The summer of 2017 could see the first day-night Test staged in England, with Lord's and Edgbaston the most likely venues.

Both venues are keen, in theory, to explore the possibility of staging an August Test against West Indies under lights. The final decision whether and where a floodlit game is played will be made by the ECB.

"We have talked about it internally," Warwickshire chief executive, Neil Snowball, told ESPNcricinfo, "and we do think it is worth considering."

A key part of the attraction for Warwickshire would be the novelty. Under normal circumstances, they might expect a Test against West Indies to prove a relatively tough sell and feel that staging it under lights could help attract a larger audience.

It is also believed that Birmingham City Council, who have a long-standing relationship with Warwickshire and helped fund the redevelopment of Edgbaston, would be supportive of the initiative in the hope that it brought exposure and revenue to the area.

"There is a lot to be considered," Snowball said, "such as the pitch, the dew, the ball and many other factors. But if we can work those things out and the ECB agree, it is an attractive possibility."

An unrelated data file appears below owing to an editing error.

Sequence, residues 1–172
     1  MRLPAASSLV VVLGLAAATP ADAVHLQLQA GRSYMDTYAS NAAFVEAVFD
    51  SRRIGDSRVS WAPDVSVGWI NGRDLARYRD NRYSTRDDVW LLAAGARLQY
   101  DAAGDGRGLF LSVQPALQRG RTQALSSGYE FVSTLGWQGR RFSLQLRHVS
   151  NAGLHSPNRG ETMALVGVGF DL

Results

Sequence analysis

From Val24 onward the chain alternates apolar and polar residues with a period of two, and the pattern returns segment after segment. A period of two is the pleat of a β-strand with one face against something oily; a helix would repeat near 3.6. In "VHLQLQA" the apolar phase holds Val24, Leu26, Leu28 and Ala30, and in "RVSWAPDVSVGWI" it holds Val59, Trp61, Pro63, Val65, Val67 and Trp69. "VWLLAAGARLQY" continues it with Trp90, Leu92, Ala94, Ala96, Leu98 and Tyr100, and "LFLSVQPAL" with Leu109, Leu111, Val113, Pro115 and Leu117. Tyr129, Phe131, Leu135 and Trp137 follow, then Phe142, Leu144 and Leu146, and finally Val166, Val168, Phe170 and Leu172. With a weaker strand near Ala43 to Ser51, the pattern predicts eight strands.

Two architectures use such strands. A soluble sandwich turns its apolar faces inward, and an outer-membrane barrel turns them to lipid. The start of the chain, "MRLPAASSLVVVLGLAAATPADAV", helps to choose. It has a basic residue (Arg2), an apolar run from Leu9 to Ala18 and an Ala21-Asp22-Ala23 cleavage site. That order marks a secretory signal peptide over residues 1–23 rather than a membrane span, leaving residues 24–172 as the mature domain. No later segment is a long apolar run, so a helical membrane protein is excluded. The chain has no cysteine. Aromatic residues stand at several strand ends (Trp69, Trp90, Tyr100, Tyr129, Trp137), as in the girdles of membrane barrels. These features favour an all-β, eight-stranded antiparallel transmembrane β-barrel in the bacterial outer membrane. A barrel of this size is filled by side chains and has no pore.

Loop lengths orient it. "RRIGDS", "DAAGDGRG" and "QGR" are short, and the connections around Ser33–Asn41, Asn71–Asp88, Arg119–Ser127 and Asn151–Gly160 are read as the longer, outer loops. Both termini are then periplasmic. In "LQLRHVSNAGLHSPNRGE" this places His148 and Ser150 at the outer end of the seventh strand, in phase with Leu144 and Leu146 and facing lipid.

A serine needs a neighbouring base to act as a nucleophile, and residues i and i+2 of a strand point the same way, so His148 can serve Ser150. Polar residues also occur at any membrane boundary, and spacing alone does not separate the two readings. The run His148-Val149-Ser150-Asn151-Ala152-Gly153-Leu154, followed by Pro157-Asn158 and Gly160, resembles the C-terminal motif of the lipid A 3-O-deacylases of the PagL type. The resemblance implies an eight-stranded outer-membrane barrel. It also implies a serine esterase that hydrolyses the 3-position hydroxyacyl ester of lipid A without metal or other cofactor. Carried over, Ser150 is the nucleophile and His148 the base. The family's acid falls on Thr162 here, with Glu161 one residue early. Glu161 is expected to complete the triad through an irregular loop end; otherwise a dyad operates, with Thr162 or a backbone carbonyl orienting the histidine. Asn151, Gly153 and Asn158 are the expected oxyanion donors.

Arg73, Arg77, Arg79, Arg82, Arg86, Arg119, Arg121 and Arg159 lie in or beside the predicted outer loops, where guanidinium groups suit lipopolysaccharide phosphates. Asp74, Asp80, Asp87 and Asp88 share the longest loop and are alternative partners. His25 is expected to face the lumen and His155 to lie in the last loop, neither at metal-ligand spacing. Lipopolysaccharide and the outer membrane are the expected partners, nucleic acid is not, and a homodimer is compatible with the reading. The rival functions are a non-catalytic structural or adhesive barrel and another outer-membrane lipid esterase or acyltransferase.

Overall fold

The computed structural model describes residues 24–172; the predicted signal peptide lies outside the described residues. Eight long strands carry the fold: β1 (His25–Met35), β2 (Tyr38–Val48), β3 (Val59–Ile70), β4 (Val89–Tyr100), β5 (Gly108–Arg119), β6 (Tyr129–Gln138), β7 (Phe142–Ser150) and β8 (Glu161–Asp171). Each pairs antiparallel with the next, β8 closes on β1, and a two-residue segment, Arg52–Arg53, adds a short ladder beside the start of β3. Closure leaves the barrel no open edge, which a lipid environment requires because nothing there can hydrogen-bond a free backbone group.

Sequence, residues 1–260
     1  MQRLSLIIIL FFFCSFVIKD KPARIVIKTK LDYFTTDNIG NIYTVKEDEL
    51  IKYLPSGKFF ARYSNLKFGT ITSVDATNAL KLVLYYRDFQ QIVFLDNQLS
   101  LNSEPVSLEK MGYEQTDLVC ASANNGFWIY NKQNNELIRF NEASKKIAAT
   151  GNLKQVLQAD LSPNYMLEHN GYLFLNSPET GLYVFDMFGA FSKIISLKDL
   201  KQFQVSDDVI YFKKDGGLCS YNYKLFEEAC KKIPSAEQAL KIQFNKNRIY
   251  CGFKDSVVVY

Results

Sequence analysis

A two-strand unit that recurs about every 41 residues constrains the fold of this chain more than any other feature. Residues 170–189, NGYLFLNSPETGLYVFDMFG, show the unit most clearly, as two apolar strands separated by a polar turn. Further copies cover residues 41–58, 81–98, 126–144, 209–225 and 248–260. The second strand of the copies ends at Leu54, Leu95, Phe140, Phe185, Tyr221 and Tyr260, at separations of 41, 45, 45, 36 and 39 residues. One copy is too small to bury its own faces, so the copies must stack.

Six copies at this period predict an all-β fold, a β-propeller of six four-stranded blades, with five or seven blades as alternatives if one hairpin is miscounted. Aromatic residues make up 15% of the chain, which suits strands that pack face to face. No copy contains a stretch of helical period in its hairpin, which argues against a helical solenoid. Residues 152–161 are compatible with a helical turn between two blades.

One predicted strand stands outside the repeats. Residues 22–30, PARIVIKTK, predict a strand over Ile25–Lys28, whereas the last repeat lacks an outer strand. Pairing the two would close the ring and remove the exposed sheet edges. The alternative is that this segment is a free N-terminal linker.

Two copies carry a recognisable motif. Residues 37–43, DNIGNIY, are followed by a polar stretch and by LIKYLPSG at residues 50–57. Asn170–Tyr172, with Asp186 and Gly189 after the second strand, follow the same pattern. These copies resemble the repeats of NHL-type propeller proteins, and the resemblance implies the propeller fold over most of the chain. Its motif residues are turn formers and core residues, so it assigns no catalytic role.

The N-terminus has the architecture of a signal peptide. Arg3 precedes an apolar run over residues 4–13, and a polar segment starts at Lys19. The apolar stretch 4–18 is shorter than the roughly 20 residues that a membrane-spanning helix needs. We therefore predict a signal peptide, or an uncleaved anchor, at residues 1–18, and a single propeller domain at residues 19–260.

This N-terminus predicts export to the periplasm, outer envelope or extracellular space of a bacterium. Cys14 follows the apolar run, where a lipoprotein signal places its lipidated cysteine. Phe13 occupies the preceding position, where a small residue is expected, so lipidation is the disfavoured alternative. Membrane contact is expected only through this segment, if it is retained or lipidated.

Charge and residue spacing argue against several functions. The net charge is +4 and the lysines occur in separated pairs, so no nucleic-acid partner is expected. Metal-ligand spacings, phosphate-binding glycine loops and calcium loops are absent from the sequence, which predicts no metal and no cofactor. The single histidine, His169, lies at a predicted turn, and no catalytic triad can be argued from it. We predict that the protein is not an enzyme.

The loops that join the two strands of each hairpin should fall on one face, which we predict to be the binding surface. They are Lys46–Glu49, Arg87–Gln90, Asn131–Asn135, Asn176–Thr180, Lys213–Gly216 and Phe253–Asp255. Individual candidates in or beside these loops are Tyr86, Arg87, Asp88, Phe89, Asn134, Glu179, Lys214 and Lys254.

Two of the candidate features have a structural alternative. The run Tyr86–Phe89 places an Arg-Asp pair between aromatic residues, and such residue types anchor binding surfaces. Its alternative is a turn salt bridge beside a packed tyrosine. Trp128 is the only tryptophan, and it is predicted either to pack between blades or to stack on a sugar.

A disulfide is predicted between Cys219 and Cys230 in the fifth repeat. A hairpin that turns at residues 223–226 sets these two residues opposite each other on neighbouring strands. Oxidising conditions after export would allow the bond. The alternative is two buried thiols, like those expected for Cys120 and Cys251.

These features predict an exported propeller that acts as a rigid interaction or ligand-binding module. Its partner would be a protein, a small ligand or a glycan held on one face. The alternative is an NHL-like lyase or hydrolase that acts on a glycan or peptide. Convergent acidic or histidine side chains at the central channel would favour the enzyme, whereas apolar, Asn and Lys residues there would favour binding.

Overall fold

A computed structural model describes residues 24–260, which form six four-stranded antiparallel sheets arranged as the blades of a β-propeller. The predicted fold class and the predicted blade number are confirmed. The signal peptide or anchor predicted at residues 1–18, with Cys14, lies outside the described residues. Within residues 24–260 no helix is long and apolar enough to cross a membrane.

The MCC, who have an excellent record of selling games against most opposition, also have a history of spearheading the experimentation into day-night cricket and are expected to discuss the issue at up-coming committee meetings in June.

While Lord's is limited to 15 days of floodlight usage a year - any time the floodlights are raised constitutes a usage - to appease local residents, they would expect to allocate 10 of those days to the two Tests they host each season. A spokesman confirmed they were interested in the idea, but stressed that any decision would be made by the ECB.

There is another Test against West Indies allocated for Headingley, but Yorkshire have not held serious discussions about the possibility of hosting a floodlit Test and would not do so until the exact dates for the series have been announced when a proper assessment of climate issues could be made.

The summer of 2017 also sees England host the ICC Champions Trophy (starting on June 1 and finishing on June 18), a four-Test series against South Africa and then the three Test series against West Indies.

Australia hosted the first day-night Test against New Zealand in Adelaide in November and England are expected to play at least one day-night Test during the next Ashes tour in 2017-18.

The ECB chairman, Colin Graves, recently told the BBC he would "love to see day-night cricket" and the ECB have raised the idea of playing the second Test on the tour of Bangladesh in October under lights.

While it seems unlikely that such an agreement can be reached in time for that tour, it does seem that the first day-night Test involving England is likely to occur within the next 18 months.